© 2015 Bill Eddy, LCSW, Esq.
There is a lot going on in the world right now, and opinions are running rampant. Automatically commenting on social media posts and in other places has become a habit for many. Should we be doing that? Bill Eddy, co-founder of the High Conflict Institute, says “no.”___________________
Recently in my divorce mediation sessions I have noticed an increase in commenting by the parties on each other’s way of saying things, intent of what they say and repeating remarks that obviously trigger defensive reactions from the other person. By and large these are sincere people, working hard at reaching agreements. This “commenting” seems to occur almost unnoticed by each person saying it, as if it was part of the language of the day. I’m spending more of my time as a mediator redirecting people to talk about the future and “don’t comment” on how each other speaks, their tone of voice, their intent, their intelligence or morals – and “don’t comment on each other’s comment.” I don’t remember this happening so much ten or more years ago.
Unfortunately, I think that negative commenting HAS recently become part of the language of today. Over the past ten years, blog postings, Facebook entries, news articles and all forms of online communication officially invite “comments.” While initially this was designed to get discussions and interaction going, it frequently devolves into “your comment was so stupid” and “no, you’re the one who’s REALLY stupid!” and back and forth. I have seen this happen even in professional communication online, including professional listserves and blogs. Online comments seem to carry no immediate negative response and no risk. There’s no frown or angry look to discourage the “commentator,” as there is in person.
It even happens in the news. Recently, a talk radio commentator said that a political group invented the term “polar vortex” to explain a severe drop in temperatures, especially in the Midwest. It was a criticism of those who believe in global warming, since these extreme cold temperatures seem to counter the idea that the planet is getting warmer. The radio commentator negatively “commented” on those who created the term polar vortex as having a political agenda. But interestingly, in response to this criticism, a TV Weatherman got out his old school textbook and showed the page explaining polar vortex from the 1950’s. He did a great educational presentation on the news one morning, but then he ended with telling those who challenged the term that they could “stuff it.” It was almost a perfect “BIFF Response®,” until the ending. The idea with a BIFF Response® is to keep it Brief, Informative, Friendly and Firm – a method we teach in most of our programs for High Conflict Institute.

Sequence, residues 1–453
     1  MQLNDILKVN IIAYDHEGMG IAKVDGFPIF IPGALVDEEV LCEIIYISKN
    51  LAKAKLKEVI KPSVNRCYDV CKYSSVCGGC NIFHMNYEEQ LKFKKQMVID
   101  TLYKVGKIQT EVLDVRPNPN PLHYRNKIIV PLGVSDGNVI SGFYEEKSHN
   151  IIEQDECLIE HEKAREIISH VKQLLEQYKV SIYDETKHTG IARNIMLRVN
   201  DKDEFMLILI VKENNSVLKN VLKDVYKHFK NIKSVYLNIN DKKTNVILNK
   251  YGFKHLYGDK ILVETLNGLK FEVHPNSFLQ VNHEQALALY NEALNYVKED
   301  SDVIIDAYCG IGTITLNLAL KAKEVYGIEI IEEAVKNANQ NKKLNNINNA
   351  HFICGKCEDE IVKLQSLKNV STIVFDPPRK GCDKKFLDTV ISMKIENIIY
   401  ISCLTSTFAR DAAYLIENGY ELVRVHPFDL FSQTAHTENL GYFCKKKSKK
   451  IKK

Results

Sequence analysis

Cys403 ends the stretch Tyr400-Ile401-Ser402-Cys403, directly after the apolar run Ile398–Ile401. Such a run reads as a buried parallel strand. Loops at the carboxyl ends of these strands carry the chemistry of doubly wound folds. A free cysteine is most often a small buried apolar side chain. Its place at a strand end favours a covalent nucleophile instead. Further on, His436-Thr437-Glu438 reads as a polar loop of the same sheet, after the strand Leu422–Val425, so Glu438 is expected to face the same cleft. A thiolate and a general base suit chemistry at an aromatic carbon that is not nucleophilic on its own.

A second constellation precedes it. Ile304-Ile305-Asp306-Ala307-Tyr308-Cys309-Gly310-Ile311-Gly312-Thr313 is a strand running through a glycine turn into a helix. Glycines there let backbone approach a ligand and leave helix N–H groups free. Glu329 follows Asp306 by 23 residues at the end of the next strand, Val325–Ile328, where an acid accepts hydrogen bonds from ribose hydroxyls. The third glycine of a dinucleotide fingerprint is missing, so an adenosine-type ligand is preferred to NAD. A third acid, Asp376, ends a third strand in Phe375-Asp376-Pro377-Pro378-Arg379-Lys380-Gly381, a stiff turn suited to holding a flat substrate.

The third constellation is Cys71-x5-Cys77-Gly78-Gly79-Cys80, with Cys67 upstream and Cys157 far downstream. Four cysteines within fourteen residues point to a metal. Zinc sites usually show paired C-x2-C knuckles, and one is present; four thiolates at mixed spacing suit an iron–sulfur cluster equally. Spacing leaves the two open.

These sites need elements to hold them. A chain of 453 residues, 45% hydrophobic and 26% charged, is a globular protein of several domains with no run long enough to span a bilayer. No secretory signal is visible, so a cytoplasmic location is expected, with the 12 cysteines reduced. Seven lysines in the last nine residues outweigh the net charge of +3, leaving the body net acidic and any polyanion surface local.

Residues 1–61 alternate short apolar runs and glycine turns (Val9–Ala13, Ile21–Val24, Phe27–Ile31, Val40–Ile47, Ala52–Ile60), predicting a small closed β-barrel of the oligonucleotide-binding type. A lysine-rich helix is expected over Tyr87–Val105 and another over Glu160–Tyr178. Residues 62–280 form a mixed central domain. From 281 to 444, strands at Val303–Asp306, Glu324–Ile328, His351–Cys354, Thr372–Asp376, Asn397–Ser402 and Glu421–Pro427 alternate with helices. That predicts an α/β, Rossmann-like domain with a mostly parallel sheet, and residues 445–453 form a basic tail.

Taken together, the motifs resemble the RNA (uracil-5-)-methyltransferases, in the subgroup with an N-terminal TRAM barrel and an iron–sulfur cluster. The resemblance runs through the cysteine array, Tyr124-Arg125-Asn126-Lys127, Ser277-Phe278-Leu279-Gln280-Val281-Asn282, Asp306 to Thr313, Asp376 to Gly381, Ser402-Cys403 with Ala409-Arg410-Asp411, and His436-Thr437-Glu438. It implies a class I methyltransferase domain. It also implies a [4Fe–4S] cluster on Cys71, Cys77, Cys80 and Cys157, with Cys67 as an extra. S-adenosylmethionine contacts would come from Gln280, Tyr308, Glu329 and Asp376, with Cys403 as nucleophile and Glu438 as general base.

Thinking about this I flashed back to my childhood in the 1950’s and 1960’s, when my parents made sure that the six of us had family dinners several nights a week. I distinctly remember my parents saying to me and my siblings “don’t comment.” Because we were regularly tempted to comment on what each other said about their day, and our parents were going to have none of it. They trained it out of us early and gave us the message: “If you don’t have something nice to say, then don’t say anything at all!”
From my observations of truly effective people in today’s world, especially successful business leaders, they don’t comment, except to encourage the people around them. “Public praise and private criticism,” used to be a common motto. I think we’ve lost that in today’s world of easy commenting without consequence.
I hesitate to ask for comments on this blog, but I’m open – especially to constructive feedback about the ideas presented here (rather than personal “comments” about the blogger).
BILL EDDY, LCSW, ESQ. is the co-founder and chief innovation officer of the High Conflict Institute. He pioneered the High Conflict Personality Theory (HCP) and is viewed globally as the leading expert on managing disputes involving people with high conflict personalities. He is the author of 20+ books and has a popular podcast and a blog on Psychology Today.